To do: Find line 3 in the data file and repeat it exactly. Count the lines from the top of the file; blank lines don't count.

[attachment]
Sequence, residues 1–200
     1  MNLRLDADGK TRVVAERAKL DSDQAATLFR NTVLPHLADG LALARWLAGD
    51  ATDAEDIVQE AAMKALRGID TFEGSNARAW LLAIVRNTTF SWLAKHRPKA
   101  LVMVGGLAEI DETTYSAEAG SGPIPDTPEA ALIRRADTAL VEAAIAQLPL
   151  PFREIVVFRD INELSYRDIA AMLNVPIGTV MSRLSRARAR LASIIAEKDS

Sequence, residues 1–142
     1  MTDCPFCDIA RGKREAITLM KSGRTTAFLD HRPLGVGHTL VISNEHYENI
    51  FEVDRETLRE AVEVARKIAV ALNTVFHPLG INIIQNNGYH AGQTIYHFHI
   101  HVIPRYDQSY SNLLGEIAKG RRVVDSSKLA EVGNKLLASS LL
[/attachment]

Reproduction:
    51  ATDAEDIVQE AAMKALRGID TFEGSNARAW LLAIVRNTTF SWLAKHRPKA